…Observing how difficult it was to make any money in the grocery trade, Lombardi thought he might help raise revenues at the store by baking some pizzas and extra loaves of bread at night at the bakery, then selling them the next day at the grocery store… The first pizzas that Lombardi pre-baked at the bakery in Brooklyn were of the thin Neapolitan variety. He would carefully wrap them in paper and cardboard, then stack them up before tying them in a neat bundle. The next morning they were displayed in a wooden showcase on the grocery store counter. There was no oven to reheat them, but an old pot-bellied stove served as an adequate warming device…

…Lombardi’s little venture proved successful. With the local factory workers buying pieces for lunch and neighborhood families lined up out the door on meatless Fridays, pizza indeed boosted sales at the grocery store. When the aging owner suggested the possibility to Lombardi that he might take over the business and buy the building (over time — a very long time), it was an offer that the young Italian immigrant couldn’t refuse. So at the ripe age of 17, Lombardi became a landowner and entrepreneur. He struggled with the grocery business for a few more years. Meanwhile, he noticed that the bread and bakery market had become very tight, with much competition from existing and incoming bakeries, as well as from mobile bread carts hawking loaves thought the streets. For Lombardi the choice was simple…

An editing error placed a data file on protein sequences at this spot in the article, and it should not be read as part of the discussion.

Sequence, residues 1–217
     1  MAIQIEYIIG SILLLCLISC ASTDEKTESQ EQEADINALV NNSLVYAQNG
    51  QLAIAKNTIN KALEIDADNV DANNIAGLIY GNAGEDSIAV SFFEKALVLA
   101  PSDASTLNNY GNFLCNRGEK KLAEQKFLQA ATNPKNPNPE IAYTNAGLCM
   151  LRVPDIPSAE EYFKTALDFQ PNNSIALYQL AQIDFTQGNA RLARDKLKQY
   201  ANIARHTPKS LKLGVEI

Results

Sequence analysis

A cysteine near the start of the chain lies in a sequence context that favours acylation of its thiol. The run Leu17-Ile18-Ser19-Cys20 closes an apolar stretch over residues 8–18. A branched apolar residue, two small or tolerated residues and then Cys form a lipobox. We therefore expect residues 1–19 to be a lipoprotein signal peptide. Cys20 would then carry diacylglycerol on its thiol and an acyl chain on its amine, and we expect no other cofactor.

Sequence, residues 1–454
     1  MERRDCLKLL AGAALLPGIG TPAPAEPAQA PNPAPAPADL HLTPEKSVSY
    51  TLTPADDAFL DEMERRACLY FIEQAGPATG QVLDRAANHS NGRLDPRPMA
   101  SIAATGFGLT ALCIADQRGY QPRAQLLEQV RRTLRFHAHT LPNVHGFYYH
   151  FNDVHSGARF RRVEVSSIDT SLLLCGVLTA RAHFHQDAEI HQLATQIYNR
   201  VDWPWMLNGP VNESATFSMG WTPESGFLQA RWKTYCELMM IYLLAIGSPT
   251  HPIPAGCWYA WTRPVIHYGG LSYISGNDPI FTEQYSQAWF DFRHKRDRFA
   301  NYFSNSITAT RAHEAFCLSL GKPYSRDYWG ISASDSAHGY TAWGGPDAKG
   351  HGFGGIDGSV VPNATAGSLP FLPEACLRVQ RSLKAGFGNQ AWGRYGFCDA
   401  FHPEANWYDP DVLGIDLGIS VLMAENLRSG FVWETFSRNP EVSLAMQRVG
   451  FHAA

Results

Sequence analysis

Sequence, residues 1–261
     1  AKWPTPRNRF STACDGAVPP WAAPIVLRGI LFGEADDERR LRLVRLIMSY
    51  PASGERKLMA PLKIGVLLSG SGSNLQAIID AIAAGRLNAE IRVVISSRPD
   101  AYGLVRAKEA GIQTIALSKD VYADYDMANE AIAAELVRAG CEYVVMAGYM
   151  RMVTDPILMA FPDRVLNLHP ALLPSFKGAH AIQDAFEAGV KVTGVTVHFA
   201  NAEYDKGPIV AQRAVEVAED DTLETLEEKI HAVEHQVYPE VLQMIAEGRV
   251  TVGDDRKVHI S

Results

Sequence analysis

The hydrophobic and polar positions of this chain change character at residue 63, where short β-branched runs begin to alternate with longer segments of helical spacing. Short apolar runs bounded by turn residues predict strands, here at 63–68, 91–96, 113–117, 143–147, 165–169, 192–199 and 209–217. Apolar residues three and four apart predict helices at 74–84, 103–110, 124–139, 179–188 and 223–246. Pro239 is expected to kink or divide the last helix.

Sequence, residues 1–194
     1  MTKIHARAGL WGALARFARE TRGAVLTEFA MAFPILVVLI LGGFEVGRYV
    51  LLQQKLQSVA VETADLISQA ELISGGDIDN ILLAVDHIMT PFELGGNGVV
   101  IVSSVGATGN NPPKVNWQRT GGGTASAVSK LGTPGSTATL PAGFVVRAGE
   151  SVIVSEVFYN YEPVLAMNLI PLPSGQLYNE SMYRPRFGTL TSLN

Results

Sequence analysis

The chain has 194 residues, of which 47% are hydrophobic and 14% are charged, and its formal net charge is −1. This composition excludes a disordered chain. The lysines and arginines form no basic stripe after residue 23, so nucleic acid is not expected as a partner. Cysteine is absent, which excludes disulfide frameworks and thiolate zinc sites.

…in 1905 Lombardi obtained a business license to operate the first pizzeria in New York City at 53 Spring Street.

“Lombardi’s… A Piece of Pizza History: the Legend Endures”, by Evelyne Slomon. p. 28. March, 1996. Pizza Today.


Gennaro Lombardi actually started selling pizza out of his grocery store at 53 1/2 Spring St. in 1897. But in 1905 he got his restaurant license, making his the country’s first official pizzeria. It wasn’t today’s typical corner slice. Pizza was sold out of an Italian grocery store with no seating or oven for reheating. Other than tomatoes, the only topping was anchovies – cheese came after World War II.

“A Pizza Party – Little Italy’s Lombardi’s Turns 100” by Cynthia Kilian. New York Post. October 19, 2005.